Friday, December 4, 2009

The Maine Chain Saw Massacre

Firewood

For the record, let me begin by assuring you that I didn't cut my leg off with the chain saw -- I didn't even come close. Nor did I hack, chew, or mangle anything resembling human tissue. But I thought about it. What I mean is, I was aware of the possibility and did all I could to avoid it. Whew, that started to sound weird, didn't it?

This all came about because there's snow in the forecast tomorrow evening, and it's uncertain how much we'll get. Cutting firewood is easier when you can see where you're going and my forest floor resembles an opened package of straight pretzels strewn across the counter. Add a little snow and walking gets downright tricky. So, on this last reliably sunny day, I headed out with my trusty chain saw intent on menace and mayhem with some standing dead trees.

Luckily, there were several near the boundary of the yard and I didn't have to spend a lot of time tramping around. This is especially nice since my boots weigh in at about two pounds each. Designed for expedition wear, they provide a great deal of lateral stability, which means I'm less likely to twist an ankle doing the Texas Two Step with downed timber. Having done that in the past, I wasn't eager for a repeat performance.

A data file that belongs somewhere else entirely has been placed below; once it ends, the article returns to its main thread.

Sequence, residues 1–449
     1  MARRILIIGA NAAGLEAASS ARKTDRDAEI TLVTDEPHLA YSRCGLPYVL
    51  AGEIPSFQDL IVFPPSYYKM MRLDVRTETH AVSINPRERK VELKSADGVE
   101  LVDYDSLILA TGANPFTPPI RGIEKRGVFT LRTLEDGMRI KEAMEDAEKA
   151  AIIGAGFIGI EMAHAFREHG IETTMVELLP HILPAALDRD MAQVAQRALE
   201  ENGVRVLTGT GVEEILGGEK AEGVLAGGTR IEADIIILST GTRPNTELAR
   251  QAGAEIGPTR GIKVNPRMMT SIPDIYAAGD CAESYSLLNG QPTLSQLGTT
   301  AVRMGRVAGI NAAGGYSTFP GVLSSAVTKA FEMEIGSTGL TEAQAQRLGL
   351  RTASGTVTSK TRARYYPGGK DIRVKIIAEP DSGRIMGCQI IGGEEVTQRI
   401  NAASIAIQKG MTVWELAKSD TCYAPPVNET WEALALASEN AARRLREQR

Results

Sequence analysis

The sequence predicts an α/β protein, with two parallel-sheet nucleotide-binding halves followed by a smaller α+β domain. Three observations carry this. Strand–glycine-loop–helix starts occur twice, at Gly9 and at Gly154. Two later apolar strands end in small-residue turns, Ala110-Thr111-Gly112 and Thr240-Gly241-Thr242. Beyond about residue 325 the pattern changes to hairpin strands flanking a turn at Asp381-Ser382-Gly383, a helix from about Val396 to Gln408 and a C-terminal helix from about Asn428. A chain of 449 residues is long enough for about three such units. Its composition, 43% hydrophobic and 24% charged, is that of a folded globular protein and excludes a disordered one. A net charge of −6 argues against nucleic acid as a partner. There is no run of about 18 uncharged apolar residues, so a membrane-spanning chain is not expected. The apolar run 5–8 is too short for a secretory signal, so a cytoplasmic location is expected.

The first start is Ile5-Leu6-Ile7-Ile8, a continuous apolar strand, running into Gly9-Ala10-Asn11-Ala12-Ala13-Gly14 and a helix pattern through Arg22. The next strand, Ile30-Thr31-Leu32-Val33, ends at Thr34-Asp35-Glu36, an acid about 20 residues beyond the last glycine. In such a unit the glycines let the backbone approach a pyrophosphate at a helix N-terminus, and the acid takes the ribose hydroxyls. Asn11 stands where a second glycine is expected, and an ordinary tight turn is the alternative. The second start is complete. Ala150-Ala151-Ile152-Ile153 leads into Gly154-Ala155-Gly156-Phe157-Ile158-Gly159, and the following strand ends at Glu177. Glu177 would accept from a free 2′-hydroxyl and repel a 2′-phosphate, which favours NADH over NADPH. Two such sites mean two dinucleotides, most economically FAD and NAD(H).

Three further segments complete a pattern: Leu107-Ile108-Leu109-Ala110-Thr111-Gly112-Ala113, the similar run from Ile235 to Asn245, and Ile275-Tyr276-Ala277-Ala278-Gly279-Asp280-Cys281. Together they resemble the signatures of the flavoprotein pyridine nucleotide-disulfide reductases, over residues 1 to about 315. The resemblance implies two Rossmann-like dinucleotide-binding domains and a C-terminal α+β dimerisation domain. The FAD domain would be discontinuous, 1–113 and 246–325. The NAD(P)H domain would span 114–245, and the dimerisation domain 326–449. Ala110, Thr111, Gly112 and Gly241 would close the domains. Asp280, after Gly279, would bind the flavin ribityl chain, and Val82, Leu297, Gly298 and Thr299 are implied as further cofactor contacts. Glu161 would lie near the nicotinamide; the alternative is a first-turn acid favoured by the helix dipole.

The hardest part of the afternoon involved getting a tree to actually fall. The surrounding forest is so thick that finding an open space between the trees is darned near impossible. The live ones snag their deceased counterparts and, as a result, I have to cut about six feet off the base of the tree, let the trunk break in two, and proceed section by section until I'm dodging the tip as it finally gives way. This is another good reason for not cutting firewood with snow on the ground.

While it wasn't quite the Maine Chain Saw Massacre
, by the end of a couple of hours, I managed to clear two large trees, three or four smaller ones and get them into the barn. Believe it or not, this really is a lot of fun. I get to be outside, the physical activity feels good, and after I've cut the logs into shorter pieces and done my Paul Bunyan routine with the splitting maul, I'll be ready for winter. Sure, I could purchase firewood that's already split and cured, but I feel more independent this way.

Self-sufficiency has its limits, though; I'm going to sleep good tonight.


(Image via Wikipedia)
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